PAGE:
People tripped up on aesthetic might miss this treasure. Suzanne Frischkorn’s girl on a bridge has many jewels.
Truthfully? Often the poems that turn their gaze to language are the ones that interest me most. I’m not as interested in the poems with less mystery. But even ‘those’ poems, the direct and narrative, are well crafted.
This collection is sass and rogue and renegade. The sass articulates in “the seams about to bust” (“Sister”). Found in this collection are some little t truths of past and present and how we negotiate the woman self.
“get down on your knees and say thanks” she ends “Praise”—otherwise an observed flight and landing of birds.
Yes, I thought while reading, I too in my 20s (mmm. maybe 30s too) was “mad as daisies” and “slid through the atmosphere/and skid on the stars” but “kept her mouth shut”—during those important development years (“Limited Range of Motion”).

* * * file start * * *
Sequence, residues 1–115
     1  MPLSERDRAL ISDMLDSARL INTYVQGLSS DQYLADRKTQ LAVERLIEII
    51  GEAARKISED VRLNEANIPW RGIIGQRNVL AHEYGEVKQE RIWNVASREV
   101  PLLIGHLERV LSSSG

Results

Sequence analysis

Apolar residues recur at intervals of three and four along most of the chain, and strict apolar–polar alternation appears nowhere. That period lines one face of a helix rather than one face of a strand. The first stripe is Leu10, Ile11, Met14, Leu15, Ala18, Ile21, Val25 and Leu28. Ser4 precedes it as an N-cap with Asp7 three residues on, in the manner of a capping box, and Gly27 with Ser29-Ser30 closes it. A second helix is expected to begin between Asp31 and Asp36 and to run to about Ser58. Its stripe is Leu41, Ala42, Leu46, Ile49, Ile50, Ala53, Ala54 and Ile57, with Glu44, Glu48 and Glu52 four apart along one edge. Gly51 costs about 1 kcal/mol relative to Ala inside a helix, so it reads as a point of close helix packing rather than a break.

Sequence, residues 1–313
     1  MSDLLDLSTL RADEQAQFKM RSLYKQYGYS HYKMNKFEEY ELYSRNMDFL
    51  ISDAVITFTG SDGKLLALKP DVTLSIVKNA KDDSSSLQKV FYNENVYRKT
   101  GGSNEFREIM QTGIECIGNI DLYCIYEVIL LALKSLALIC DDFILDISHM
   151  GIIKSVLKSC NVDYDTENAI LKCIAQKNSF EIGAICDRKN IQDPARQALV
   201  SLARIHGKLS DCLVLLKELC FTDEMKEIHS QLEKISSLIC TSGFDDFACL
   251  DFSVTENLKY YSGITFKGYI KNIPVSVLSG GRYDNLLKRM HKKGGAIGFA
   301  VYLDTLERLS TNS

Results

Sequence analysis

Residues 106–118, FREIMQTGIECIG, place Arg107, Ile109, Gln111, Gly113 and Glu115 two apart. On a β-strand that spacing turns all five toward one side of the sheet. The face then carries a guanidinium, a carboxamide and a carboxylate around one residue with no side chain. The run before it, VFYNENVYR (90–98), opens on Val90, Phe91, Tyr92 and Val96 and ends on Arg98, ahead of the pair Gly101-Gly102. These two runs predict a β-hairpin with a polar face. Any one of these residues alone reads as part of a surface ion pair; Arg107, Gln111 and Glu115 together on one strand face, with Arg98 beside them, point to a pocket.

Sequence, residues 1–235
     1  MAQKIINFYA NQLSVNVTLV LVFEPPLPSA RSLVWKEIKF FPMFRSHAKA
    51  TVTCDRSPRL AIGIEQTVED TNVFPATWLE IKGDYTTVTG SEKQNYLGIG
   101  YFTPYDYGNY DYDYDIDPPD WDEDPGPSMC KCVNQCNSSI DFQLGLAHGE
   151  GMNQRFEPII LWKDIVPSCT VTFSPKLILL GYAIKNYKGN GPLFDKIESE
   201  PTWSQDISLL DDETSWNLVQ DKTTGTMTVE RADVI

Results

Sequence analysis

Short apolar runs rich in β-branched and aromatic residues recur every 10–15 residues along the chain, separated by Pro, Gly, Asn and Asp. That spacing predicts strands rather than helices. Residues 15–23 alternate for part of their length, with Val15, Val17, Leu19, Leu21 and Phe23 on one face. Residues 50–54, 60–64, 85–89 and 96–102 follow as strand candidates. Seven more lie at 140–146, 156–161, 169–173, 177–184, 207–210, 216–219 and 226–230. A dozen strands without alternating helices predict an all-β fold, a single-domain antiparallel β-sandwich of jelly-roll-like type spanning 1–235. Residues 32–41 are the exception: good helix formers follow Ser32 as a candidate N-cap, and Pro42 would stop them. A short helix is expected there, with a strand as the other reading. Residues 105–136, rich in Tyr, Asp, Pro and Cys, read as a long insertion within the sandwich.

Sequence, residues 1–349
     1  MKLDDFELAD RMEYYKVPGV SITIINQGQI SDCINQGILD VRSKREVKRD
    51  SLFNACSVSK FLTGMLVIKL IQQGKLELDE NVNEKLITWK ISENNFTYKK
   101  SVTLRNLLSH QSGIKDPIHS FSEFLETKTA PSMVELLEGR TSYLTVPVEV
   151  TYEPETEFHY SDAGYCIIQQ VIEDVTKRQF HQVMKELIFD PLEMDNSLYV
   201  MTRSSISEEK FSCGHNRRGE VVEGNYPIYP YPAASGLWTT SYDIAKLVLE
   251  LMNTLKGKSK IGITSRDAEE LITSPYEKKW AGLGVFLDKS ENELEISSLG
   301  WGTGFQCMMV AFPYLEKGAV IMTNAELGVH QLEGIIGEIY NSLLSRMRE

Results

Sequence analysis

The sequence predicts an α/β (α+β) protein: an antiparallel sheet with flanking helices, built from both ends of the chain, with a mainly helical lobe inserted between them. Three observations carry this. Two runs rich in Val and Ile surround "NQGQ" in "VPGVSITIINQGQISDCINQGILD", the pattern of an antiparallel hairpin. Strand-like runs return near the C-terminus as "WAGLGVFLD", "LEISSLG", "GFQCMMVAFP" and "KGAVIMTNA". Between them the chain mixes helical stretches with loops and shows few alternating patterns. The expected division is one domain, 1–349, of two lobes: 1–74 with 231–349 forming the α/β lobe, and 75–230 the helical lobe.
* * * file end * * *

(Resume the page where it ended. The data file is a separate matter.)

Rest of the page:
In “Sales Pitch at the Lipstick Counter,” “Language falls/through music, beat raw/this time, smears women over.” Here is the anti-smear poem, where the smear on woman is turned on itself.
The mystery of poems like “When the Sun Came Out They Disappeared”—well, these are the poems that move me most.
There are exceptions to my language-focused rule. “Divine Madness” is one of Frischkorn’s more narrative pieces and one that strikes me as particularly meaningful. It ends: “He/tried to cork rage with a long dog tag/chain before it spilled and burned someone. See,/he has a bit of Jesus in him.” I’m reminded of what Brian Evenson’s fiction seems set out to do. Don’t bother me either with the fact that I’m comparing apples to oranges. It seems to me that Evenson's work conceptually, as this poem, is very driven to explore matters of religious and large social/cultural systems in our country and the way in which those systems might contribute to violence and other more heartwrenching products of capitalism and a severely awry cultural politics of difference.
I encourage you to get with that girl on a bridge and see what lands when you trust fall.
Causes Suzanne Frischkorn Supports
Girls Write Now